IDEAS home Printed from https://ideas.repec.org/h/elg/eechap/13789_59.html
   My bibliography  Save this book chapter

Theatre

In: A Handbook of Cultural Economics, Second Edition

Author

Listed:
  • Daniel Urrutiaguer

Abstract

The second edition of this widely acclaimed and extensively cited collection of original contributions by specialist authors reflects changes in the field of cultural economics over the last eight years. Thoroughly revised chapters alongside new topics and contributors bring the Handbook up to date, taking into account new research, literature and the impact of new technologies in the creative industries.

Suggested Citation

  • Daniel Urrutiaguer, 2011. "Theatre," Chapters,in: A Handbook of Cultural Economics, Second Edition, chapter 59 Edward Elgar Publishing.
  • Handle: RePEc:elg:eechap:13789_59
    as

    Download full text from publisher

    File URL: https://www.elgaronline.com/view/9781848448872.00065.xml
    Download Restriction: no

    References listed on IDEAS

    as
    1. Kristien Werck & Bruno Heyndels, 2007. "Programmatic choices and the demand for theatre: the case of Flemish theatres," Journal of Cultural Economics, Springer;The Association for Cultural Economics International, vol. 31(1), pages 25-41, March.
    2. N/A, 1985. "Summary and Appraisal," National Institute Economic Review, National Institute of Economic and Social Research, vol. 113(1), pages 3-4, August.
    3. N/A, 1985. "Summary and Appraisal," National Institute Economic Review, National Institute of Economic and Social Research, vol. 111(1), pages 3-4, February.
    4. Marta Zieba, 2009. "Full-income and price elasticities of demand for German public theatre," Journal of Cultural Economics, Springer;The Association for Cultural Economics International, vol. 33(2), pages 85-108, May.
    5. Victoria Ateca-Amestoy, 2008. "Determining heterogeneous behavior for theater attendance," Journal of Cultural Economics, Springer;The Association for Cultural Economics International, vol. 32(2), pages 127-151, June.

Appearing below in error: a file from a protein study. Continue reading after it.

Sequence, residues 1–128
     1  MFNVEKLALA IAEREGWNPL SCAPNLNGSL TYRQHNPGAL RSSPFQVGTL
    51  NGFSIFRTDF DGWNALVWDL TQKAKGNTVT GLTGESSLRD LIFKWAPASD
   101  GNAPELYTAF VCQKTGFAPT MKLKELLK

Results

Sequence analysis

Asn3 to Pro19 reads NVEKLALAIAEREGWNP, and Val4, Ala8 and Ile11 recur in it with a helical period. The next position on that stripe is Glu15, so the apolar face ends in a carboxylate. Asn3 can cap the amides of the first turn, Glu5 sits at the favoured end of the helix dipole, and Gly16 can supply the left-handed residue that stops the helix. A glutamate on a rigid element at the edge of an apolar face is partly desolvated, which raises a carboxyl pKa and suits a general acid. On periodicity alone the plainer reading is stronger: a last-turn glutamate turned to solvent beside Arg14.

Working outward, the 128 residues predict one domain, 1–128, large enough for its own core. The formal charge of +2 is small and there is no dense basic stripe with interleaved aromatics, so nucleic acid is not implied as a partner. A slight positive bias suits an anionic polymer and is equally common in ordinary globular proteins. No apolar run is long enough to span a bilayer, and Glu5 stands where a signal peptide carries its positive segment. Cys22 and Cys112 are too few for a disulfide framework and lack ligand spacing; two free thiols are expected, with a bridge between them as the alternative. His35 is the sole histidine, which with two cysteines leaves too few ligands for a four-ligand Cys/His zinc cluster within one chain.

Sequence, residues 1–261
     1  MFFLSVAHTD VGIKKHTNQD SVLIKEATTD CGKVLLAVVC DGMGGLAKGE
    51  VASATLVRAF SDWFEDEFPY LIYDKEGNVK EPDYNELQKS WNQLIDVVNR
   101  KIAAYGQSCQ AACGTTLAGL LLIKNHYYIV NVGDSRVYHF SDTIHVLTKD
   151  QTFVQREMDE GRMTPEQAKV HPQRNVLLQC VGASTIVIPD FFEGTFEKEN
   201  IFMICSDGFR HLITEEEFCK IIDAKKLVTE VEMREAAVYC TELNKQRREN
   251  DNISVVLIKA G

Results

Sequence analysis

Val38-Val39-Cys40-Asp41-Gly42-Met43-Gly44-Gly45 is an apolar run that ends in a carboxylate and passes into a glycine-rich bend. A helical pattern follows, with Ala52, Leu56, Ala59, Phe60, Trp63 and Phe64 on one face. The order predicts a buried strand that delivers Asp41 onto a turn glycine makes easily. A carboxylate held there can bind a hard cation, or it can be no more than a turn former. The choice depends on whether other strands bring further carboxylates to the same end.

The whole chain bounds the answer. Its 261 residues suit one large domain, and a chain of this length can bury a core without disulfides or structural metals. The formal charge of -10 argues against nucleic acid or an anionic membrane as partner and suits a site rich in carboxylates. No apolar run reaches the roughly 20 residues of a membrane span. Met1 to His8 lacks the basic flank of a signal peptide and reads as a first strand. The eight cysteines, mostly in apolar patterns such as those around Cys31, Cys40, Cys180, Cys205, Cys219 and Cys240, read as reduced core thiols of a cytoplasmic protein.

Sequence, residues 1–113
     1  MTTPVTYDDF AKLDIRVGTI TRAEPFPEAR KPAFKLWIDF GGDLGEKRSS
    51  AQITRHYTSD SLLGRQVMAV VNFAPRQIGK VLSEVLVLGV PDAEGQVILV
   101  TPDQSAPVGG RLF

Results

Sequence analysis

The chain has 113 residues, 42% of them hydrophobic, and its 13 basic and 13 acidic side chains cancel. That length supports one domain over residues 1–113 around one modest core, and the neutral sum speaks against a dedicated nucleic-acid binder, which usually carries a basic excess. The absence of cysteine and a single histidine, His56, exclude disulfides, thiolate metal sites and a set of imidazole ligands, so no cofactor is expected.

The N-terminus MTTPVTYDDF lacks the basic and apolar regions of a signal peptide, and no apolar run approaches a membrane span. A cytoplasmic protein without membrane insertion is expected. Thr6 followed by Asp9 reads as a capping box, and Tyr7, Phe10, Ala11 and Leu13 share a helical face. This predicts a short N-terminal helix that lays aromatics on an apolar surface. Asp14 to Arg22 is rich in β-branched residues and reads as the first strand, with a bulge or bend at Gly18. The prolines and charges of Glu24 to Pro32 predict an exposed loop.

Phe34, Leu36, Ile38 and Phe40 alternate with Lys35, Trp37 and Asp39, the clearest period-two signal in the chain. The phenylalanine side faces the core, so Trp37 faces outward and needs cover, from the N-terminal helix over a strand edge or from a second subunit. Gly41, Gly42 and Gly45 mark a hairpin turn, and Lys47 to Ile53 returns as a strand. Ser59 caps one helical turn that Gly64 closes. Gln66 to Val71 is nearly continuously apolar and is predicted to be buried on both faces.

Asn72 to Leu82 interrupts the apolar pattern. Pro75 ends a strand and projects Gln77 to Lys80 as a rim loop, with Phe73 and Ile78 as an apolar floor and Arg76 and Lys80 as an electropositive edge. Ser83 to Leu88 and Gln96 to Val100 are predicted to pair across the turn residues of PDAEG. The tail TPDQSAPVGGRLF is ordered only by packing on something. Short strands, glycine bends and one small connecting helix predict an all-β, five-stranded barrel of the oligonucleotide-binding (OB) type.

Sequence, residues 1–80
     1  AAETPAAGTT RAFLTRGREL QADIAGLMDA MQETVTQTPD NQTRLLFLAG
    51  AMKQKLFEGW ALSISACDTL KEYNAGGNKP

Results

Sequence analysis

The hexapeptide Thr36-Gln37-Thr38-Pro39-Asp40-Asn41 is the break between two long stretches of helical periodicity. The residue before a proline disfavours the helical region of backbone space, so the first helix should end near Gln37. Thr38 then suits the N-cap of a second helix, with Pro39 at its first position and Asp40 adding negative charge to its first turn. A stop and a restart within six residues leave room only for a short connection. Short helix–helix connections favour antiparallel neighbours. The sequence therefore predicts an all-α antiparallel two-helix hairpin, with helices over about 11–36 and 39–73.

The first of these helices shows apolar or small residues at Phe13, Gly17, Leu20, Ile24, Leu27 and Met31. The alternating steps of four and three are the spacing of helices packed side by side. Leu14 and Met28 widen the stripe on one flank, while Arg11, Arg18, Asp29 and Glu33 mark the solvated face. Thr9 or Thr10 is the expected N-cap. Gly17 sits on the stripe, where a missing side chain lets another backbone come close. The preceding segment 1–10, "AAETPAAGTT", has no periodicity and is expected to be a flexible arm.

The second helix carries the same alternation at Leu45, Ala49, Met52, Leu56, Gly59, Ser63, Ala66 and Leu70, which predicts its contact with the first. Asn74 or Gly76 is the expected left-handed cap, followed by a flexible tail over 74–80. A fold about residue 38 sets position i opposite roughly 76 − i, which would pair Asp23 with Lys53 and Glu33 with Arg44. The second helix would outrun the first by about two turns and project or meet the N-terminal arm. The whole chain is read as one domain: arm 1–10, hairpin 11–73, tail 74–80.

6. Stefan Tobias, 2004. "Quality in the Performing Arts: Aggregating and Rationalizing Expert Opinion," Journal of Cultural Economics, Springer;The Association for Cultural Economics International, vol. 28(2), pages 109-124, May.
    7. N/A, 1985. "Summary and Appraisal," National Institute Economic Review, National Institute of Economic and Social Research, vol. 114(1), pages 3-5, November.
    8. John O’Hagan & Adriana Neligan, 2005. "State Subsidies and Repertoire Conventionality in the Non-Profit English Theatre Sector: An Econometric Analysis," Journal of Cultural Economics, Springer;The Association for Cultural Economics International, vol. 29(1), pages 35-57, February.
    9. N/A, 1985. "Summary and Appraisal," National Institute Economic Review, National Institute of Economic and Social Research, vol. 112(1), pages 3-4, May.
    10. Mervi Taalas, 1997. "Generalised Cost Functions for Producers of Performing Arts – Allocative Inefficiencies and Scale Economies in Theatres," Journal of Cultural Economics, Springer;The Association for Cultural Economics International, vol. 21(4), pages 335-353, December.